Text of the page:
Dualism, Ontology And Pauline Authority -- By: Christopher B. Cone

Journal: Journal of Dispensational Theology
Volume: JODT 12:36 (Aug 2008)
Article: Dualism, Ontology And Pauline Authority
Author: Christopher B. Cone


Dualism, Ontology And Pauline Authority

Christopher B. Cone, Th.D., Ph.D.

President; Professor of Bible and Theology,
Tyndale Theological Seminary

The origin of the Pauline project is not an unimportant question. Paul represented his doctrines as emerging not from human agency (Gal 1:1, 11) but from divinity, claiming an apostolic commission by way of direct encounter with the resurrected Jesus Christ (Acts 9; Gal 1:12), and subsequent visions and revelations of the Lord (2 Cor 12:1, 7). Paul betrayed no lack of confidence that his gospel and many following prescriptions are authoritative and thus should be heeded. Significantly he reckoned the source of that authority as the truth of Christ in him (2 Cor 11:10).

However, the Pauline claim of divine grounding does not go unchallenged. Assertions such as that of Bren1 —that Paul was driven by a fundamental dissatisfaction with the Law system and developed an original system to combat it [that Paul was in conflict with doctrines of the Old Testament], or of Boyarin2 —that Paul was motivated by Hellenistic philosophical concerns [that Paul was influenced and directed by Platonic thought], are representative denunciations of the divinity factor as the sole impetus for Paul’s doctrines.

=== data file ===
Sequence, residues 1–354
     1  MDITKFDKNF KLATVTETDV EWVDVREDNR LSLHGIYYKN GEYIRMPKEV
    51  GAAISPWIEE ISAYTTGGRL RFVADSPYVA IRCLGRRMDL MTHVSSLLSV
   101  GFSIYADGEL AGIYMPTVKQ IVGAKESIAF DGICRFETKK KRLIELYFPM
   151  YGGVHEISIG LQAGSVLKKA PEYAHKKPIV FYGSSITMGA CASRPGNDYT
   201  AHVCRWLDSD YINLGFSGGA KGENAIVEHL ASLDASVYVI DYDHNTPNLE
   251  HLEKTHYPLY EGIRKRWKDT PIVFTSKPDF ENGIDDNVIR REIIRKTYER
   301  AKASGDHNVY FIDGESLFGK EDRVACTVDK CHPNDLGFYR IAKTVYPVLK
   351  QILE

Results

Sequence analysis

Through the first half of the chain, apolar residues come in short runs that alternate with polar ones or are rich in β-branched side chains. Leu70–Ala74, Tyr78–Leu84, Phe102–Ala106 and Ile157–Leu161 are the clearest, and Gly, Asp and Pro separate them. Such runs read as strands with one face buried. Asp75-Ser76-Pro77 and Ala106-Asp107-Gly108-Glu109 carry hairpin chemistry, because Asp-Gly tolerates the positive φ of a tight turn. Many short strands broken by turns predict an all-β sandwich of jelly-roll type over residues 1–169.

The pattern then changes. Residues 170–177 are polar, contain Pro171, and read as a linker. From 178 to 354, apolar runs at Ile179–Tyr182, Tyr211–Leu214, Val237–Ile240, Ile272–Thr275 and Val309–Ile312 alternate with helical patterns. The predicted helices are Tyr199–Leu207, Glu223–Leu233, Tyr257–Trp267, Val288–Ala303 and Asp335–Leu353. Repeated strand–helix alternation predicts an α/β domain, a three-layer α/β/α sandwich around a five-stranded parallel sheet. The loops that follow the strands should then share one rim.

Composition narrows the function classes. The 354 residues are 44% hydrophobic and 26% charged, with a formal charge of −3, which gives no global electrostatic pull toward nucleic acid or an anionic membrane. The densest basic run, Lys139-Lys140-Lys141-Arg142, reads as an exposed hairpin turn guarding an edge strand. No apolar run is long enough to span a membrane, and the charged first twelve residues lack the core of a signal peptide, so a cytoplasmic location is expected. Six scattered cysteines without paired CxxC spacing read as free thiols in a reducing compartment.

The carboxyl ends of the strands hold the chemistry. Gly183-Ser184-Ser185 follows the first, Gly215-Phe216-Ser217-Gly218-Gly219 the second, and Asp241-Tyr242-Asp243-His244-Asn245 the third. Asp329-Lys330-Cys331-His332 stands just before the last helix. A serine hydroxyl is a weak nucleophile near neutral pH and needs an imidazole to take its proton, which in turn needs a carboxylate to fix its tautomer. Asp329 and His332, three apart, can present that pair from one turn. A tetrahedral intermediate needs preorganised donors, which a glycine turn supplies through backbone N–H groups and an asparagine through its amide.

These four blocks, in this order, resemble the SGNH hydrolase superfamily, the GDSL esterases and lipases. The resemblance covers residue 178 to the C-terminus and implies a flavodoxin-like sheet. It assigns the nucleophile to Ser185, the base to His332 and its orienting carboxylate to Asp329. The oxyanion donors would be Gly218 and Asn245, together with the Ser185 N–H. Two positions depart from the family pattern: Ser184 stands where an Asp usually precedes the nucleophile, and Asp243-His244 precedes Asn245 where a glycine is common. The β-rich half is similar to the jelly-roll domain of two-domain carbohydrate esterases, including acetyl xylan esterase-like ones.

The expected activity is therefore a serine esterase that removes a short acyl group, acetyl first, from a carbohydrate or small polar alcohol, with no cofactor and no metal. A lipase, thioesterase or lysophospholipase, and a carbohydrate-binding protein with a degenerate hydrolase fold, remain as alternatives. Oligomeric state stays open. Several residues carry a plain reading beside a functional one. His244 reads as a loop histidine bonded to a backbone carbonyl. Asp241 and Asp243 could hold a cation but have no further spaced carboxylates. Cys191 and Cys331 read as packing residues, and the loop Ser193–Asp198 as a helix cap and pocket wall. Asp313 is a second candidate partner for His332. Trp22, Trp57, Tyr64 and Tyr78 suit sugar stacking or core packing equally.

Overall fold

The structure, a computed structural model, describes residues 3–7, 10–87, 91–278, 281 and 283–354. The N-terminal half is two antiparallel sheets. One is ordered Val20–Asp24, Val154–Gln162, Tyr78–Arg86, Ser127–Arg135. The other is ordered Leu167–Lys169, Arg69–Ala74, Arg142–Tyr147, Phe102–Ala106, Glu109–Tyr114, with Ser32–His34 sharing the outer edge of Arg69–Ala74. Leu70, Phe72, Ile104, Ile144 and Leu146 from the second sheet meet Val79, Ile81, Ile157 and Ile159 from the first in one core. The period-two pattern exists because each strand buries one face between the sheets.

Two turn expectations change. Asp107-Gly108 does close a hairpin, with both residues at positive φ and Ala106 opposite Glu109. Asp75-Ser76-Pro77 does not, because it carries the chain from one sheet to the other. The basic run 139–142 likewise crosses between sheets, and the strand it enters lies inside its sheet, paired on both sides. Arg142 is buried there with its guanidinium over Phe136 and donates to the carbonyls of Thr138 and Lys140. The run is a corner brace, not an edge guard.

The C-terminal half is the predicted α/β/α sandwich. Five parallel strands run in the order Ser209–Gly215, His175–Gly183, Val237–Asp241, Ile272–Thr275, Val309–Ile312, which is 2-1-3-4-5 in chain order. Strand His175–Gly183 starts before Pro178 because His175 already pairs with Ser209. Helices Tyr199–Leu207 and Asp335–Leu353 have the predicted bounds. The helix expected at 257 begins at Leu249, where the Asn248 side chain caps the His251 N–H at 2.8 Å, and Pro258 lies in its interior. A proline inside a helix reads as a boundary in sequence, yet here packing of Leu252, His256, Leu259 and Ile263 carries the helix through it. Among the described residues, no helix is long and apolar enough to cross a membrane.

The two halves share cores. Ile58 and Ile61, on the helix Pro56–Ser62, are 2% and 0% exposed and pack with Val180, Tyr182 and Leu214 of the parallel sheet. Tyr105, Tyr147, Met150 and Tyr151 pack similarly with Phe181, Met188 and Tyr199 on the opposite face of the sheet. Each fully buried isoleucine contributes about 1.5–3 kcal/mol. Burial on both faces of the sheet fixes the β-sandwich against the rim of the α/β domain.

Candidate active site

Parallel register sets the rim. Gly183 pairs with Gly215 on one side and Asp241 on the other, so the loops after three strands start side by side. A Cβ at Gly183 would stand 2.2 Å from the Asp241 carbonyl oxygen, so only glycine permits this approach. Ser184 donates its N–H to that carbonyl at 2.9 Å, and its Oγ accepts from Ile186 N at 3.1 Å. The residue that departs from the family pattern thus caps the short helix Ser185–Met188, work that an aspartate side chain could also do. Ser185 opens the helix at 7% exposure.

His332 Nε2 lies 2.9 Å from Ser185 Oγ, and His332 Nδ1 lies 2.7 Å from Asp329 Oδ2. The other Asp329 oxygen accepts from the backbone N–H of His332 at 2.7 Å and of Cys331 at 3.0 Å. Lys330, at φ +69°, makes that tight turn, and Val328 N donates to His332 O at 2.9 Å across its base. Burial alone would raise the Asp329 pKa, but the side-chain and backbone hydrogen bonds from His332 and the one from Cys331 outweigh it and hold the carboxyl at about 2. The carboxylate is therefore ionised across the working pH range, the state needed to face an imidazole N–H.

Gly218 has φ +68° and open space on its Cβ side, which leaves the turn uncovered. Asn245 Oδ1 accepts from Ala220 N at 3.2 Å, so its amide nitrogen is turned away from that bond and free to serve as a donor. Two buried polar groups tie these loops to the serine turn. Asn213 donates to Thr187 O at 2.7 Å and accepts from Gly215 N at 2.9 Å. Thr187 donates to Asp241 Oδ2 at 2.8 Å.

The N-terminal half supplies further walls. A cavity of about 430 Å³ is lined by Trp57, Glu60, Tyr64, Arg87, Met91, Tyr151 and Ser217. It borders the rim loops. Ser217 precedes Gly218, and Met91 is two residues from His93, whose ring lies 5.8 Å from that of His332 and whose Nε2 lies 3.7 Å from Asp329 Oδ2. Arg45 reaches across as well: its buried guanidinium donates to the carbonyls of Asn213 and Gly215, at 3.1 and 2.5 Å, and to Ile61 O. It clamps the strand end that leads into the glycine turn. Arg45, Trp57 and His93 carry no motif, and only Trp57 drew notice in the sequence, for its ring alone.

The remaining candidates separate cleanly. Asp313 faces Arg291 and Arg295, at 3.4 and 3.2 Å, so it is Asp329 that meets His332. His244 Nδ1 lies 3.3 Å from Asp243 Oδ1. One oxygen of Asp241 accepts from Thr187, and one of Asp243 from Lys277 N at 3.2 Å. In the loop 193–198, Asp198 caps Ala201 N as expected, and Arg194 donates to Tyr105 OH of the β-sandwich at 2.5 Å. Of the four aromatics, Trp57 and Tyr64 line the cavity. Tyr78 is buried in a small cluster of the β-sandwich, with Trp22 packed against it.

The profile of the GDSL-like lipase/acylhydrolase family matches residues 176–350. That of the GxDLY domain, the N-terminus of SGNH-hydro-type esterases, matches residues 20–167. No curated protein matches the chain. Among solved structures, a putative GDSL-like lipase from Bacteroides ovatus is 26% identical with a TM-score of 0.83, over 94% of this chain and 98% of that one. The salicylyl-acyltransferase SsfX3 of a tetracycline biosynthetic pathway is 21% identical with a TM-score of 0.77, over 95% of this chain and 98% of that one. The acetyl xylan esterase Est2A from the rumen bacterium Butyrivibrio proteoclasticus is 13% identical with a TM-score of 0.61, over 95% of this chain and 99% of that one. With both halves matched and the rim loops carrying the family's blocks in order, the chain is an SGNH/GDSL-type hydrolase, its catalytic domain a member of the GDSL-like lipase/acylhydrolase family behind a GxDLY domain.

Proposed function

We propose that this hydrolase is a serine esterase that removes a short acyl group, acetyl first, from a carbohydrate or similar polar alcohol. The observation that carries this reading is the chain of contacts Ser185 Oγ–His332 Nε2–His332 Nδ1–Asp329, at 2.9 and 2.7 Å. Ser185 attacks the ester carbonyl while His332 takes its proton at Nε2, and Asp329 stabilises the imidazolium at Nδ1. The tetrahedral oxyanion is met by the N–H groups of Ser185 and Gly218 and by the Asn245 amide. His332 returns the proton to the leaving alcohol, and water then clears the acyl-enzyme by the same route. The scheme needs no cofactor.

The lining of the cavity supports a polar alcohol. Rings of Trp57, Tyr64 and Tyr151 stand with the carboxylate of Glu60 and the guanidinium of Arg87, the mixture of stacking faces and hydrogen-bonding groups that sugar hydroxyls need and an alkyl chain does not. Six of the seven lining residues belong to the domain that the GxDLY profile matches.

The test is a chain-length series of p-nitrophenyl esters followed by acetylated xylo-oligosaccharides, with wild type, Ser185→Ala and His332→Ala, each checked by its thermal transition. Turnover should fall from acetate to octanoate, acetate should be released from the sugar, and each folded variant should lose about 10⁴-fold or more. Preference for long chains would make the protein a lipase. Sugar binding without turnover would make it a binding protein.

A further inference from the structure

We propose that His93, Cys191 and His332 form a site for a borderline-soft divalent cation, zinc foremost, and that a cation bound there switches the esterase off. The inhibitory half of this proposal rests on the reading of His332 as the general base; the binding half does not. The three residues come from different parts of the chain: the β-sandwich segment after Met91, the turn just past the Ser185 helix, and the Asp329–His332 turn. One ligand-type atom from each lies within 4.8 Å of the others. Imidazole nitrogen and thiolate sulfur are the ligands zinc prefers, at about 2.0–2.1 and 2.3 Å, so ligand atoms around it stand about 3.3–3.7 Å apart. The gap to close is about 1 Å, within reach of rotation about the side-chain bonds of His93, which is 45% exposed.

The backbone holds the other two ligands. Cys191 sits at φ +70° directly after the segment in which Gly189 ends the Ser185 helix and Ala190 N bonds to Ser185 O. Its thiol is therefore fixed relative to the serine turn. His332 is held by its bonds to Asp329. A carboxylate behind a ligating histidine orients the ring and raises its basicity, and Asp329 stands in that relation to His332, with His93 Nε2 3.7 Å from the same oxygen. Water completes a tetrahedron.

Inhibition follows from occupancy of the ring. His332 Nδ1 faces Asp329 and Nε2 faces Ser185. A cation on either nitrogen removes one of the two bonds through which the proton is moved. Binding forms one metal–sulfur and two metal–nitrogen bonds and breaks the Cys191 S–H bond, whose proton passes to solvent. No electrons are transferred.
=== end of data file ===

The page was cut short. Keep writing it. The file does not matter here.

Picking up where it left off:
It would seem an obvious reality that if these are accurate criticisms, and the doctrinal grounding is not divine, then the spiritual and ethical demands of Paul are merely theoretical and unbinding.3 Hence for an

accurate appraisal of the authority and applicability of such central imperatives as the appropriation of the righteousness of God exclusively through belief in Jesus (Rom 3:22; Gal 3:22, etc.) and the subsequent walking in a manner worthy of such a calling (Eph 4:1; Col 1:10), such assertions—(1) that Paul was in conflict with the Old Testament, and (2) that he was directed in large part by Platonic thinking—will be considered in this article.

Portrait Of Paul

Paul was born in Tarsus (You must have a subscription and be logged in to read the entire article.
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